Institute for Justice wins free speech cases elsewhere, while Nevada languishes

Would that Nevada had a few judges as perspicacious as ones found in Arizona and Mississippi.

While a Carson City judge was fining and penalizing a Virginia-based conservative group more than $100,000 for buying television commercials without first registering with the state and disclosing its donors and expenditures, judges in those states were declaring that their similar laws fail First Amendment muster.

Nevada law mandates that any group spending more than $100 to expressly advocate for a candidate or ballot issue must first register with the Nevada secretary of state, as reported in this week’s newspaper column, available online at The Ely Times and Elko Daily Free Press.

Anonymous speech that is banned in Nevada.

Attorneys for Alliance for America’s Future — which spent $189,223.50 airing a 30-second television commercial 320 times praising Brian Sandoval’s conservatism during the gubernatorial campaign of 2010 — argued that threshold is far too low to hold up under constitutional scrutiny.

Judge James Wilson rejected that argument, but attorneys for the Institute for Justice won two such cases within hours of each other in Arizona and Mississippi a month ago.

Mississippi’s threshold for having to register and report as a “political committee” was $200, twice Nevada’s. Five friends from Oxford, Miss., decided to join together and speak out in favor of a ballot initiative that would provide greater protection from eminent domain abuse.

Judge Sharion Aycock noted the courts have ruled there must be a point below which mandatory disclosure of campaign expenditures by incidental committees’ runs afoul of the First Amendment.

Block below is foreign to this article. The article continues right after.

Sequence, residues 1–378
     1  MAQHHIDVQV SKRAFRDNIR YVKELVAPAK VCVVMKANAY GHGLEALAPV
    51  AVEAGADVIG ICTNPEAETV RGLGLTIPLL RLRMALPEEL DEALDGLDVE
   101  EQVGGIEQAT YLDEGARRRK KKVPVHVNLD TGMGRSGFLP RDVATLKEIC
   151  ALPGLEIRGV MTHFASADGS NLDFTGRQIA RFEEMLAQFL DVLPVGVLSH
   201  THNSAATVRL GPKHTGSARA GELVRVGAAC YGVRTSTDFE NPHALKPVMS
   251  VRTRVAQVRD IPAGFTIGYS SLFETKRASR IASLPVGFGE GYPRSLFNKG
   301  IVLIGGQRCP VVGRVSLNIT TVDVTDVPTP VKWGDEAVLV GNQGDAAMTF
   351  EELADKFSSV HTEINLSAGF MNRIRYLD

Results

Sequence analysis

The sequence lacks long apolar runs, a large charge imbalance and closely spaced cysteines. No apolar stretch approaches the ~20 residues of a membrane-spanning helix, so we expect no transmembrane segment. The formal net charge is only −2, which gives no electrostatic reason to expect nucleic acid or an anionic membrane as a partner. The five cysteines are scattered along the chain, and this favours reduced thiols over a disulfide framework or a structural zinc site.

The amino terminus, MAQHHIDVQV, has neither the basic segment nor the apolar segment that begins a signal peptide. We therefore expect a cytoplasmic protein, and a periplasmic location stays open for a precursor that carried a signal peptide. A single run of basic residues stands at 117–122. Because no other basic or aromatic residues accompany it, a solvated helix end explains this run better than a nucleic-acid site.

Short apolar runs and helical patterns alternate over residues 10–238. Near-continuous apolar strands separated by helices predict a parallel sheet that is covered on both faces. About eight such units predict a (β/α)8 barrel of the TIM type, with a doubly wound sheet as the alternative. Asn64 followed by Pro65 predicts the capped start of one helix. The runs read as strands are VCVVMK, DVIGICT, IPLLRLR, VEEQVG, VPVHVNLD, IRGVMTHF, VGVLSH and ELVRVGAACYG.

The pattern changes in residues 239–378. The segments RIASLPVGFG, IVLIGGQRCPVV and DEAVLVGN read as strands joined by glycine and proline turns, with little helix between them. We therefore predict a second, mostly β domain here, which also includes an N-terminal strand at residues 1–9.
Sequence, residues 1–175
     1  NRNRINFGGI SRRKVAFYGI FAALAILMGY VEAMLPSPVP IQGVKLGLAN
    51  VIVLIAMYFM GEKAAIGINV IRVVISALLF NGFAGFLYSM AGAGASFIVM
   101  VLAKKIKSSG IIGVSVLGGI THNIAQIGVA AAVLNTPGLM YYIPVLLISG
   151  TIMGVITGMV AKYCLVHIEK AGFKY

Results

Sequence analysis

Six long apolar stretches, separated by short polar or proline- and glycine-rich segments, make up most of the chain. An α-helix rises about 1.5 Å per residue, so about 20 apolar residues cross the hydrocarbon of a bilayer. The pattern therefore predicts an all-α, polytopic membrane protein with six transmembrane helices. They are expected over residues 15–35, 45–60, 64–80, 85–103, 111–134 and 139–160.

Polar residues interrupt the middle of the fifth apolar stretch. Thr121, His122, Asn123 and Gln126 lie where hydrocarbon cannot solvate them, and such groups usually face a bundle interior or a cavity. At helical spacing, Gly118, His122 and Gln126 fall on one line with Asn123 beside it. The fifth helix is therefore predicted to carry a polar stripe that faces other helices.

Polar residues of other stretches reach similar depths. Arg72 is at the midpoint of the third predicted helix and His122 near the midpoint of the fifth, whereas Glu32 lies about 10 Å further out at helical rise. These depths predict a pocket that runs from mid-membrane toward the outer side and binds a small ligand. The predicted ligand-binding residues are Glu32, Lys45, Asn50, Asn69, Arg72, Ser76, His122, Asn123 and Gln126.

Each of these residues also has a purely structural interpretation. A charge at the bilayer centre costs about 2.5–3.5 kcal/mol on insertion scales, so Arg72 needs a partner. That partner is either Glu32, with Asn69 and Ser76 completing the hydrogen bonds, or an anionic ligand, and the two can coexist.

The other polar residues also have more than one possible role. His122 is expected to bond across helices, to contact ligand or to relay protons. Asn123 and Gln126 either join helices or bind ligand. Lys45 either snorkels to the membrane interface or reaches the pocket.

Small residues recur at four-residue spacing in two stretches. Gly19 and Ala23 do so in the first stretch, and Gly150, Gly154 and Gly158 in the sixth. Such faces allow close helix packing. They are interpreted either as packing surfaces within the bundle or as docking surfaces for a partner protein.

In the Arizona case a woman sent an email to a couple dozen friends and neighbors, inviting them to a protest against a $44 million road bond on the 2011 ballot. She promptly received a letter telling her to cease and desist until she registered as a political committee and filed all the paperwork to comply with state campaign finance laws.

Judge James Teilborg wrote: “In this case, it is not clear that even a campaign finance attorney would be able to ascertain how to interpret the definition of ‘political committee.’ As such, people of common intelligence must guess at the law’s meaning and will differ as to its application. Such vagueness is not permitted by the Constitution.”

He basically declared the whole law unconstitutional, not just the state’s $250 threshold.

Perhaps, the Alliance for America’s Future could invite the Institute for Justice to appeal Judge Wilson’s ruling to the state Supreme Court and reinstate the First Amendment in Nevada for everyone.

Read the entire column at the Ely or Elko site.

3 comments on “Institute for Justice wins free speech cases elsewhere, while Nevada languishes

  1. Winston Smith says:

    Wilson doesn’t reflect his namesake very well…

  2. Vernon Clayson says:

    The judges probably have to wait for Harry Reid to make up their minds. Independent judiciary, my behind.

  3. […] 2013 a Carson City judge fined a Virginia-based group called Alliance for America’s Future (AAF) more than $100,000 for airing television commercials […]

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